I have 2 dependent random Poisson distributed variables, [tex]X[/tex] and [tex]Y[/tex]. I have that [tex]E[X] = mu[/tex] and [tex]E[Y] = c*mu[/tex] where [tex]c[/tex] is just a constant. Now I'm trying to get the joint distribution of [tex]XY[/tex]. I've found the expression of the bivariate Poisson distribution but the problem is in order to use it I have to define [tex]X[/tex] and [tex]Y[/tex] as [tex]X = X' + Z[/tex] and [tex] Y = Y' + Z [/tex] where [tex]X', Y', Z'[/tex] are independent Poisson distributions with [tex]E[X'] = (mu - d)[/tex], [tex]E[Y'] = (c*mu - d)[/tex] and [tex]E[Z'] = d[/tex]. So basically my question is how do I get the parameter [tex]d[/tex]?? Is there any formal way to get it??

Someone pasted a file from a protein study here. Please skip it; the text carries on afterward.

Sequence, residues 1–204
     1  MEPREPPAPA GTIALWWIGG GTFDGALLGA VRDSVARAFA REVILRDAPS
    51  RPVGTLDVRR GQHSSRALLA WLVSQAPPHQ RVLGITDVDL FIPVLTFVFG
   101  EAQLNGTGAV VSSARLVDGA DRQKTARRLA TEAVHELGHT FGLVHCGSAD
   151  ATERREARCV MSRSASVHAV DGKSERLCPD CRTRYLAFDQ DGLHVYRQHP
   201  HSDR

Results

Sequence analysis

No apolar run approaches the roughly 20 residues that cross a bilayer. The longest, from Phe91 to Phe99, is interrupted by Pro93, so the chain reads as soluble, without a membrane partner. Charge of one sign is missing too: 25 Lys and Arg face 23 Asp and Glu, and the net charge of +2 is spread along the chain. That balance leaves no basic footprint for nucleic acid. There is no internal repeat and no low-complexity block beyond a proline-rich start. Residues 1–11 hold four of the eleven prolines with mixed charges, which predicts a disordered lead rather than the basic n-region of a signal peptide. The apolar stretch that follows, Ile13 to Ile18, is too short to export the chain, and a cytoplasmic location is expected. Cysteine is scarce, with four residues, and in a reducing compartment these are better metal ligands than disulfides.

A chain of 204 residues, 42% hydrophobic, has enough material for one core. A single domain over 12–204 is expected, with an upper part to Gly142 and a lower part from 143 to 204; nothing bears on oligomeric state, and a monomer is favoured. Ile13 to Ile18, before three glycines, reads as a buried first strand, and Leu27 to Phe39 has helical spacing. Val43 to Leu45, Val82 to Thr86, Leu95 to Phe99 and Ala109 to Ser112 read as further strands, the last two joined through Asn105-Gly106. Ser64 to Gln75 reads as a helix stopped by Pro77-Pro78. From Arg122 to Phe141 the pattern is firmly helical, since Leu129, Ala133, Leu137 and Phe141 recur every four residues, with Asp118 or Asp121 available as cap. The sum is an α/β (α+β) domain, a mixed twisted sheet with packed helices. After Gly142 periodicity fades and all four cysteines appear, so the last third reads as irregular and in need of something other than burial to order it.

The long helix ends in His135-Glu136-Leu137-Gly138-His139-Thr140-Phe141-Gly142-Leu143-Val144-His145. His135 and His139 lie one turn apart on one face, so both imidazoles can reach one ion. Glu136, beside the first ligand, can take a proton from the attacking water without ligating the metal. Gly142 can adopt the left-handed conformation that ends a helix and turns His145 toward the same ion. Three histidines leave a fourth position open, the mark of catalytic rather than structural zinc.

You have not been given enough information. X and Y could be independent or else Y=cX or something in between.
Well, X and Y are definitley dependent, it is always [tex]E[Y] = cE[X][/tex]. Does that help?? If not, what more information is needed?? In the paper I have about these bivariate Poisson distribution it also states that [tex]P(X|Y) = d/(c*mu + d)[/tex] and also [tex]P(Y|X) = d/(mu + d)[/tex], if that's any help?
Not so, they can be independent and their means happen to obey the equation. Your additional equation could be the key to the solution.
You sure you have that right? It doesn't make notational sense. (Incidentally, if you write \mu, LaTeX will convert that into a mu)
Two random variables X and Y are independent if and only if, for all outcomes x for X and y for Y, P(X = x and Y = y) = P(X = x) * P(Y = y).(Equivalently, P(X = x | Y = y) = P(X = x)) Two random variables are dependent if and only if they are not independent.